The presence of European and international institutions in Belgium have a significant impact on the economy, especially in Brussels, a recent study by the Free University of Brussels (VUB) shows. According to Belga news agency, roughly 220,000 expatriates live in Belgium and the international environment in Brussels generates up to 20% of the economy of the Brussels-Capital Region and up to 23.2% of regional employment, or more than 162,000 jobs.
More than one in three Brussels residents has a foreign nationality and more than one in five has the nationality of an EU member state. Belga reports that the total impact of international and European institutions and lobbies is estimated at between 8.7 and 13.9 billion euros. This impact is equivalent to about one fifth of the regional economy of the Brussels-Capital Region.
HR firm Mercer’s ‘Cost of Living’ index shows that Brussels is becoming more expensive. At the beginning of 2022, the city moved 16 places upwards on the annual list and now ranks 39th. According to Mercer, the rise is explained by the high inflation and the weakening of the euro against the dollar.
“Living expenses have become significantly more expensive for expatriates and without adjustment of the indexation of their salaries, this will be at the expense of their purchasing power,” Mercer told The Bulletin.
Expats are more likely to reassess whether it is still attractive to work in Brussels under these circumstances.HR Firm Mercer
The VUB study called “Estimations of the Economic Impacts of International and European Institutions on the Brussels-Capital Region using a local Multiplier Approach” and conducted by Nicola Francesco Dotti, André Spithoven, Walter Ysebaert, states that besides the symbolic political value, the presence European institutions and other international organizations has an economic impact because of their administrative activities and staff remunerations but that estimating the economic impact poses some challenges.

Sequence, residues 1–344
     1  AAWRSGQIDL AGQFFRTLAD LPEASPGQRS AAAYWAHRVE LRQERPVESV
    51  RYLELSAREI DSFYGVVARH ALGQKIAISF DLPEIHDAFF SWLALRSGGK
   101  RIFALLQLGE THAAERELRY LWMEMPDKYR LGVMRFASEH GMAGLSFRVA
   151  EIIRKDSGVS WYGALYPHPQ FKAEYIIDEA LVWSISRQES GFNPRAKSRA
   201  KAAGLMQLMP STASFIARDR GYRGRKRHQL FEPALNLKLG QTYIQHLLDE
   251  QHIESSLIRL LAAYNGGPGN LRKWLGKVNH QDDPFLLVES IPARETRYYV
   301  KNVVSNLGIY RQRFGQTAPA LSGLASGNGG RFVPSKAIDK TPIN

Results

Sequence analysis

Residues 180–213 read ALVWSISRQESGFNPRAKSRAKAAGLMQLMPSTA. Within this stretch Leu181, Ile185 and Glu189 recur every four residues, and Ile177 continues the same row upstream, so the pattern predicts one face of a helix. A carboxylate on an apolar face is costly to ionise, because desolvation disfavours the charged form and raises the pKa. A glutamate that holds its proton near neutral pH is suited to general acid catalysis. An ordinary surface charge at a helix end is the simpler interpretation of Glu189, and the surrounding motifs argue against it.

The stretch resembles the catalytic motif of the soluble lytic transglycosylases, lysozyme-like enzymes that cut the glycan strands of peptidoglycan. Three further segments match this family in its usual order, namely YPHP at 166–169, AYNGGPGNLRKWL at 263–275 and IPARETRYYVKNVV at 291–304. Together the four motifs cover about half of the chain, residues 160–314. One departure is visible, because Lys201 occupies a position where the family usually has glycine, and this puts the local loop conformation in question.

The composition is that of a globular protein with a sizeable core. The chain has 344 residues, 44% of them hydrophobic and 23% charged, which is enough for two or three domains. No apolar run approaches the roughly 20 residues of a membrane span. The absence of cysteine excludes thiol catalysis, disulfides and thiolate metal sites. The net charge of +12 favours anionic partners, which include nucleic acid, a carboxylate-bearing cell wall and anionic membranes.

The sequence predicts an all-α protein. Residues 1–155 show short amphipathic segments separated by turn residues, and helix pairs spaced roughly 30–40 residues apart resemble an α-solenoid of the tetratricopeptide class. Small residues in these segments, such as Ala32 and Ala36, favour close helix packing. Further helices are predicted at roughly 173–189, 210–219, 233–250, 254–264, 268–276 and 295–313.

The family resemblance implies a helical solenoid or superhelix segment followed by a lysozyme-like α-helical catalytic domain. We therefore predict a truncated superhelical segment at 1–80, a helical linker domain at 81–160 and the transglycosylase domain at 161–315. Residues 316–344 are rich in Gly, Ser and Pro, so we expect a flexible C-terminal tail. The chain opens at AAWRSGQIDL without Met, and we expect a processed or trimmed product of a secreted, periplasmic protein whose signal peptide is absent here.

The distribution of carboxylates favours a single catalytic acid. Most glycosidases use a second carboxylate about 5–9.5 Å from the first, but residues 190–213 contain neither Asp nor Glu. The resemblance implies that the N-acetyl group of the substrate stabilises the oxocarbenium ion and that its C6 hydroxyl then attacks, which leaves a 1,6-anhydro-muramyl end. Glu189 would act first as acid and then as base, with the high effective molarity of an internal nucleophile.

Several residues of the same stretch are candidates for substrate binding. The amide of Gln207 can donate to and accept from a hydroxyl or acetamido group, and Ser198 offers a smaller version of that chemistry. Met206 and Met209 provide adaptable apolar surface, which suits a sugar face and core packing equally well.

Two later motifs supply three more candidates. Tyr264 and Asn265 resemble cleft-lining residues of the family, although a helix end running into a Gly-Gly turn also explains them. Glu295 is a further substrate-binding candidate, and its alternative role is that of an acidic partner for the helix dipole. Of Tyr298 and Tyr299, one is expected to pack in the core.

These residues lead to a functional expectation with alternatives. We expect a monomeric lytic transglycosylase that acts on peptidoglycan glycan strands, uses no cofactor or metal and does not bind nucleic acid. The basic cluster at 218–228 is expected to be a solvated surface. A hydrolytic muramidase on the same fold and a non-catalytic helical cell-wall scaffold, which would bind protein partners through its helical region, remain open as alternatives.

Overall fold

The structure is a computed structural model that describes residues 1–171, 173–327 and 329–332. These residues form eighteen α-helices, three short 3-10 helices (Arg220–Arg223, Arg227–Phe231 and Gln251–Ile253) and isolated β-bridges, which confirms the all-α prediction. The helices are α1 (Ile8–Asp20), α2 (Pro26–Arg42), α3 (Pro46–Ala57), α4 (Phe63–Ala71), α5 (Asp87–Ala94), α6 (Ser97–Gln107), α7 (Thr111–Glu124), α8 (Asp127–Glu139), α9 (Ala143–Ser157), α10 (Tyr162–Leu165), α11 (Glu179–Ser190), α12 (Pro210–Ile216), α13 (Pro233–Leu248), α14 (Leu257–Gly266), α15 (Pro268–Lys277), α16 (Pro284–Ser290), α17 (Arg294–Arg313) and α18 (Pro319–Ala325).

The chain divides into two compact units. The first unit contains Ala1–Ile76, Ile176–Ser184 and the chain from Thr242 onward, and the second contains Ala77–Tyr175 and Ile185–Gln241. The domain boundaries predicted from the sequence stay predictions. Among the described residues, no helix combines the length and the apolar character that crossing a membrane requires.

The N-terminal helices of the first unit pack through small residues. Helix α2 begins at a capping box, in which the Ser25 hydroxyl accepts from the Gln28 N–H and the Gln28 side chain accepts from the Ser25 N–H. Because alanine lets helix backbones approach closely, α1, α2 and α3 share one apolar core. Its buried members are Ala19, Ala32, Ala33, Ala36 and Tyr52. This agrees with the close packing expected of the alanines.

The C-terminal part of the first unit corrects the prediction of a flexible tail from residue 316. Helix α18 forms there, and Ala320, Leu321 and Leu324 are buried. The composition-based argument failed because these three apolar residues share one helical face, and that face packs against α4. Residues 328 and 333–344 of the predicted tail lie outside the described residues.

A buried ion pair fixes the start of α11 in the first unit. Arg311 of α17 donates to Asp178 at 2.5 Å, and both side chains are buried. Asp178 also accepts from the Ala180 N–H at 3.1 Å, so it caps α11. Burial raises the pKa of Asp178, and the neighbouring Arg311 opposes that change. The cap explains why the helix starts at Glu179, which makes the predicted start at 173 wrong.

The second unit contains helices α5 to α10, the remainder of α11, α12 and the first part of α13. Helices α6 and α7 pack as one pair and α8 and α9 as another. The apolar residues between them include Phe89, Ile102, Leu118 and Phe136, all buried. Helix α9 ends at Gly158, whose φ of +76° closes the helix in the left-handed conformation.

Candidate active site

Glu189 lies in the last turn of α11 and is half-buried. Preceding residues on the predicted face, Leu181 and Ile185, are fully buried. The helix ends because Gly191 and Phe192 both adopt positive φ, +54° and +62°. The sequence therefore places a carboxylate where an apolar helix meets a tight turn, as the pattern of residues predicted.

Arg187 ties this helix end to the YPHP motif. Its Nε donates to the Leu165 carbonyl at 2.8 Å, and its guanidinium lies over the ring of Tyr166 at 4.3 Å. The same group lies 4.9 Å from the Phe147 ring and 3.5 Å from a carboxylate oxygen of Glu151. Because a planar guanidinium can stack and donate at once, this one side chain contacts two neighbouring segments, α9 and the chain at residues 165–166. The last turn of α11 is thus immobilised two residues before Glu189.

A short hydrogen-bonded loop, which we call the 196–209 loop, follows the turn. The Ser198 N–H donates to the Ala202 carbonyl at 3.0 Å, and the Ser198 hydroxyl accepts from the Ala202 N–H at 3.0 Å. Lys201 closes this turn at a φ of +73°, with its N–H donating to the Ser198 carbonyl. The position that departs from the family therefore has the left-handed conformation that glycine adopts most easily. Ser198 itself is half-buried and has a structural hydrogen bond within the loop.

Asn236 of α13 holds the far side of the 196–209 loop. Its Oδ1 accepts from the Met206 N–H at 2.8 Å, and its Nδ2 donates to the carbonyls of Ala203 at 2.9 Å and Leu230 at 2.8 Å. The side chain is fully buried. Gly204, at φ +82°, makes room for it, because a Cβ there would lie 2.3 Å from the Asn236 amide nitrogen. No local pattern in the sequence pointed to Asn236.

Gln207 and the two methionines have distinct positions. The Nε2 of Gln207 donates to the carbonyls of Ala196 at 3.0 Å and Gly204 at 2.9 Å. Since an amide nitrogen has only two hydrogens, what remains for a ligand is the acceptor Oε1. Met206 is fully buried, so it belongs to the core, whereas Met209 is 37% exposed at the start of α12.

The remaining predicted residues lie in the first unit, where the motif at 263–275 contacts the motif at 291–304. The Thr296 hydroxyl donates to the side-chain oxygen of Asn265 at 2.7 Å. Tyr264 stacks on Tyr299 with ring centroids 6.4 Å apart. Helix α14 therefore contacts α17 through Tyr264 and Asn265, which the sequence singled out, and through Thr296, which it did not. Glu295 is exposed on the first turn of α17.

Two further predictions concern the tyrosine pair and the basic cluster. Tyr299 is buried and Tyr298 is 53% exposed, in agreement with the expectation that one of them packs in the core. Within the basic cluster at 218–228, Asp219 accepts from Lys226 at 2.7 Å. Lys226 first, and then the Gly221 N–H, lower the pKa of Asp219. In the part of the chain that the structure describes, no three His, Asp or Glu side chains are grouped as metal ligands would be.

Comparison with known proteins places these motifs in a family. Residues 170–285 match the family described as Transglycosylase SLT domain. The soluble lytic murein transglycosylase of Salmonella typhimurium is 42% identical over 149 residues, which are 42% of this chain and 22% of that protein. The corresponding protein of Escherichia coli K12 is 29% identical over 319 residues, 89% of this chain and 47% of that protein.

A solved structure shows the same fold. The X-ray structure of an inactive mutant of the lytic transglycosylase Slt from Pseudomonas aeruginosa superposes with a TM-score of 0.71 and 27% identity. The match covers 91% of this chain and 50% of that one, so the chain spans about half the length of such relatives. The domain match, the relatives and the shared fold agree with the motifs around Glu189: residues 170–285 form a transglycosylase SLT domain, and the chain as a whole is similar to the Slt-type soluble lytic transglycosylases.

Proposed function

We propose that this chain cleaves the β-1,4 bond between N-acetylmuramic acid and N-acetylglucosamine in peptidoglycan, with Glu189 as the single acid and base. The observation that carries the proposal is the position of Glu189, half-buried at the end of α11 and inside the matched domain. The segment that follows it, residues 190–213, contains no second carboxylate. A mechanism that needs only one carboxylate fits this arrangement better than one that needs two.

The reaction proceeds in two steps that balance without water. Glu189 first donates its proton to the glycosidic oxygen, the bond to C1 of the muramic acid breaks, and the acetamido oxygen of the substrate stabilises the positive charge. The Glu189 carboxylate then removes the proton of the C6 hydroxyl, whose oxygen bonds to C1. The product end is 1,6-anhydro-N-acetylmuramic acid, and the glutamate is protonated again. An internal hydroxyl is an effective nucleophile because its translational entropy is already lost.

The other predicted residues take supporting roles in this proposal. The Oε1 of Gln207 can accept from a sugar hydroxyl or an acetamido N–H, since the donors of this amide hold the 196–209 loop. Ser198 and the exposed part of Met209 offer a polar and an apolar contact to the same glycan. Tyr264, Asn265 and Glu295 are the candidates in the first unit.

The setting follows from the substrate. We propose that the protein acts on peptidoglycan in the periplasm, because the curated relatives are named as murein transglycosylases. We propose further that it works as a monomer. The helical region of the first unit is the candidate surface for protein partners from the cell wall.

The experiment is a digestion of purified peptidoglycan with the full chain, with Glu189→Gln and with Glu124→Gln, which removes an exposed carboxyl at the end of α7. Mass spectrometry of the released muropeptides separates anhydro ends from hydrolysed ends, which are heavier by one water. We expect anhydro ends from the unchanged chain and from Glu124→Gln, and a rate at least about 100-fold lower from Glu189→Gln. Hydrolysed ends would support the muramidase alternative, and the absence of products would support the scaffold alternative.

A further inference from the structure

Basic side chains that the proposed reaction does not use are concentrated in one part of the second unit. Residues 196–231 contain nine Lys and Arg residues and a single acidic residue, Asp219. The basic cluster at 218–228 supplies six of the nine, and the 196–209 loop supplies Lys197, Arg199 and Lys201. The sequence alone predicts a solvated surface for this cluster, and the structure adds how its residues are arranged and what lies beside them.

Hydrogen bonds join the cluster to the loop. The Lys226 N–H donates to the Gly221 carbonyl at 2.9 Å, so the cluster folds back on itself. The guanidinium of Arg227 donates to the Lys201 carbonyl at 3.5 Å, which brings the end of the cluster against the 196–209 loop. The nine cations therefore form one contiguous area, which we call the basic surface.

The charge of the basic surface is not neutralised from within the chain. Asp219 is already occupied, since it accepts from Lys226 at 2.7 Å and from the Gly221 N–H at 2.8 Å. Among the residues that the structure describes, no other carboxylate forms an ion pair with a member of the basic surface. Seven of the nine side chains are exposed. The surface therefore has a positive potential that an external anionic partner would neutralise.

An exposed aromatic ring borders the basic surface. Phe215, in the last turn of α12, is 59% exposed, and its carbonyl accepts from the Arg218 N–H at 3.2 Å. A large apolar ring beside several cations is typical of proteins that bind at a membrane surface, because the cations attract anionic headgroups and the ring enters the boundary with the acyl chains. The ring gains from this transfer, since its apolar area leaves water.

The supranational nature of these organizations makes it challenging to quantify the size of these institutions and related bodies because country-based statistical systems hardly account for transnational organizations. Second, as these institutions and organizations mainly rely on taxpayers’ funding, policymakers need transparent estimates to assess the implications of their decisions as well as for a matter of accountability.
For these purposes, a meticulous data collection was carried out, and transparent assumptions are used to estimate the local economic multiplier effect of these activities accounting for operational expenditures, employees’ consumption as well as (Belgian) taxes and saving. The results show that the economic impact for the Brussels-Capital Region lies between 23% and 26% of regional turnover and 19% and 20% of employment, while inter-regional spillovers are estimated being around 1.5% to 1.7% of regional turnover and 0.6% to 0.7% of employment for both Flemish and Walloon regions.
Of the more than 162,000 jobs created by the international sector in Brussels, 48,909 are direct jobs of staff employed by international institutions, with the main European institutions, agencies and bodies creating 90% of these jobs.
Belga reports that some 21,000 people work for the European Commission, more than 6,700 for the European Parliament, and some 3,000 for the Council of the EU. The European External Action Service (EEAS) has over 1,600 employees and the European Research Executive Agency over 700. A little more than 35,000 of them live in the Brussels-Capital Region, 8,732 in the Flemish Region and 3,963 in the Walloon Region.